A week after federal reports that 2014 was the warmest year on record, a new study looks at the impact of climate change on agriculture and the economy. As noted in the Des Moines Register, the report released by the Risky Business Project found that climate change “would hit Iowa’s economy the hardest among Midwestern states because of reduced crop yields. Iowa is the nation’s largest grower of corn. By the end of the century, “the state could face likely declines in its signature corn crop of 18 percent to 77 percent — a huge hit for a corn industry worth nearly $10 billion,” the report said. The farming impact would have a domino effect in Iowa because of its ties to manufacturing, insurance and other industries.”
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“Our research shows that under the “business as usual” scenario and assuming no significant adaptation by farmers, some states in the region, like Missouri and Illinois, face up to a 15% likely average yield loss in the next 5 to 25 years, and up to a 73% likely average yield loss by the end of the century. Assuming no adaptation, the region as a whole faces likely yield declines of up to 19% by mid-century and 63% by the end of the century.
Yet while the agricultural industry will clearly be affected by climate change, it is also probably the best equipped to manage these risks. Farmers have always adapted to changing weather and climate conditions, with adaptation and flexibility built into their business models. Armed with the right information, Midwest farmers can, and will, mitigate some of these impacts through double-and triple-cropping, seed modification, crop switching and other adaptive practices. In many cases, crop production will likely shift from the Midwest to the Upper Great Plains, Northwest, and Canada, helping to keep the U.S. and global food system well supplied. However, this shift could put individual Midwest farmers and farm communities at risk if production moves to cooler climates.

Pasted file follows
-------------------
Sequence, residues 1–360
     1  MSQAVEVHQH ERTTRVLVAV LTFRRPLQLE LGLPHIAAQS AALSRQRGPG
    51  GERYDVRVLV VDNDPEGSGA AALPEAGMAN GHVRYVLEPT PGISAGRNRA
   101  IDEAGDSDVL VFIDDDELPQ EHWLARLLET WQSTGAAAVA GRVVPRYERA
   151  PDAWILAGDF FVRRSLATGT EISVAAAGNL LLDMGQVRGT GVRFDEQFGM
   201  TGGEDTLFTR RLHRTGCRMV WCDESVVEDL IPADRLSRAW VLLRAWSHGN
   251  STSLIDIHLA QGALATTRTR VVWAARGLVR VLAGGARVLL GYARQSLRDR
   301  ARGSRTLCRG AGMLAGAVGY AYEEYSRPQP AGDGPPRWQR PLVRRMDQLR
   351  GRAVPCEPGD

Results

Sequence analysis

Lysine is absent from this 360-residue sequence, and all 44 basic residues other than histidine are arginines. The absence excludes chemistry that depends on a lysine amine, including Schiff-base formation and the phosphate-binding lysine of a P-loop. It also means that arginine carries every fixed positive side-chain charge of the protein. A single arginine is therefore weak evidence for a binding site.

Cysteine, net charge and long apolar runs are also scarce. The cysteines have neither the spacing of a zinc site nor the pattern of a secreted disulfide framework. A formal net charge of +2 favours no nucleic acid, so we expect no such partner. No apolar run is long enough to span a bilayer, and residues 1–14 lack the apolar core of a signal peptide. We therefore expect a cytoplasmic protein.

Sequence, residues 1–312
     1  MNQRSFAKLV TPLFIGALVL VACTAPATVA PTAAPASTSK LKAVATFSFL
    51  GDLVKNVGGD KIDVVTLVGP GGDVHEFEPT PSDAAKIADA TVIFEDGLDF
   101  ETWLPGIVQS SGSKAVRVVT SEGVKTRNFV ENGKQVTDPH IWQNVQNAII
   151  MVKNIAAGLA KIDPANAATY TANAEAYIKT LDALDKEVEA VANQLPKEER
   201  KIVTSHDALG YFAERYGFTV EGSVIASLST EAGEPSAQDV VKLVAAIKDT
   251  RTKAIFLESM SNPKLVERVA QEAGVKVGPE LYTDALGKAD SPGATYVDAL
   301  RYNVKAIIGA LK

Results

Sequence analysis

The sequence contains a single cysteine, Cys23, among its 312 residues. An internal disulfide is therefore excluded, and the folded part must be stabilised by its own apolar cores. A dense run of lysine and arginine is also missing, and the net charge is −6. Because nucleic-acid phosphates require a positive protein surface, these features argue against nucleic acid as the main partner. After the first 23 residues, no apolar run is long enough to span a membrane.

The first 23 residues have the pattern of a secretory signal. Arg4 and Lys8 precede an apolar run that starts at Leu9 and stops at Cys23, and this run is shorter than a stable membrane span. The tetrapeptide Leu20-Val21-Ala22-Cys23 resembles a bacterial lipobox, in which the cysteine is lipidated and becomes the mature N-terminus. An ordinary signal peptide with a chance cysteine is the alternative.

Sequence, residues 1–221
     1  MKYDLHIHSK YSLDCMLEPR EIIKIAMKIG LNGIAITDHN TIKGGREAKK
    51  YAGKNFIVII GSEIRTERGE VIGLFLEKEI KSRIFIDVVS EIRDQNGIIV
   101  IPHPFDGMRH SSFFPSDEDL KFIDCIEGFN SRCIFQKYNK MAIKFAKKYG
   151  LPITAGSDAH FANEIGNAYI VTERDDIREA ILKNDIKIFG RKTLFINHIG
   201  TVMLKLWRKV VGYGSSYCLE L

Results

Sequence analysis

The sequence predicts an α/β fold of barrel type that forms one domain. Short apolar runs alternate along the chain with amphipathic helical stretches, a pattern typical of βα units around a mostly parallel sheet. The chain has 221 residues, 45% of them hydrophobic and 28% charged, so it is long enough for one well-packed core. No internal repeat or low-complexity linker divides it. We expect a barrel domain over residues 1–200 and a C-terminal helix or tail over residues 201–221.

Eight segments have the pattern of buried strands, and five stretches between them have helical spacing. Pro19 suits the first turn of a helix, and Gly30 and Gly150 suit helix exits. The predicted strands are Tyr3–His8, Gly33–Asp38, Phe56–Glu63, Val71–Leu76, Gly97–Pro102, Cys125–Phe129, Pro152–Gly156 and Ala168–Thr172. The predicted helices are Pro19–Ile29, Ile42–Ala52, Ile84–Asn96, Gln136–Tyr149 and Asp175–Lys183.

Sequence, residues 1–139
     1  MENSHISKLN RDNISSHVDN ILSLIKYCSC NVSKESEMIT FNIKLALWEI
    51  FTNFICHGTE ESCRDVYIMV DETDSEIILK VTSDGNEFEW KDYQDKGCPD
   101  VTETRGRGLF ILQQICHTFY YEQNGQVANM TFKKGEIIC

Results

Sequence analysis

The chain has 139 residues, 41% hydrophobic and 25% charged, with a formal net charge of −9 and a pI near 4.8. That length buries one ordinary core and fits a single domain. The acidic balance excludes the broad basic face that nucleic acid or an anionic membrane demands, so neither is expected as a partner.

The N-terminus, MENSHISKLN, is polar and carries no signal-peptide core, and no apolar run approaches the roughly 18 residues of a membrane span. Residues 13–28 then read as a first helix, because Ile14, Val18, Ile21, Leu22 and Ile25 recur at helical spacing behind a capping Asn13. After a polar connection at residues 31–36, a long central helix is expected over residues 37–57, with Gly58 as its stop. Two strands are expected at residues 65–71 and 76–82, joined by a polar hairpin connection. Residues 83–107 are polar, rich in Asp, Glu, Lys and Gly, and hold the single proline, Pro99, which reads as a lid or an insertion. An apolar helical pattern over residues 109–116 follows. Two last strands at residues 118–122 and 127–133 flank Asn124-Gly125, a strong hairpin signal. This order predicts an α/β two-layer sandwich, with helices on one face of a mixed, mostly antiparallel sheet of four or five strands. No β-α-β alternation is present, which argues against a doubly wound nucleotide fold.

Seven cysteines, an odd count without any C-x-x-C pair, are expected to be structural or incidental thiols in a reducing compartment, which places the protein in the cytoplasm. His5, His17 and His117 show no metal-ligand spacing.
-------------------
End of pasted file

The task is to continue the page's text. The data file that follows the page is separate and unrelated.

The projected increase in Midwest surface air temperatures won’t just affect the health of the region’s crops; it will also put the region’s residents at risk. Over the past 40 years, the Midwest experienced only 2.7 days on average over 95°F. If we stay on our current climate path, the average Midwest resident will likely experience an additional 7 to 26 days above 95°F each year by mid-century, and 20 to 75 additional extreme-heat days—potentially more than 2 additional months per year of extreme heat—by the end of the century. On the other hand, the region will also experience fewer winter days with temperatures below freezing.
But the real story in this region is the combined impact of heat and humidity, which we measure using the Humid Heat Stroke Index, or HHSI. The human body’s capacity to cool down in the hottest weather depends on our ability to sweat, and to have that sweat evaporate on our skin. Sweat keeps the skin temperature below 95°F, which is required for our core temperature to stay around 98.6°F. But if the outside temperature is a combination of very hot and very humid—if it reaches a HHSI of about 95°F—our sweat cannot evaporate, and our core body temperature can rise until we actually collapse from heat stroke. Even at an HHSI of 92°F, core body temperatures can get close to 104°F, which is the body’s absolute limit.”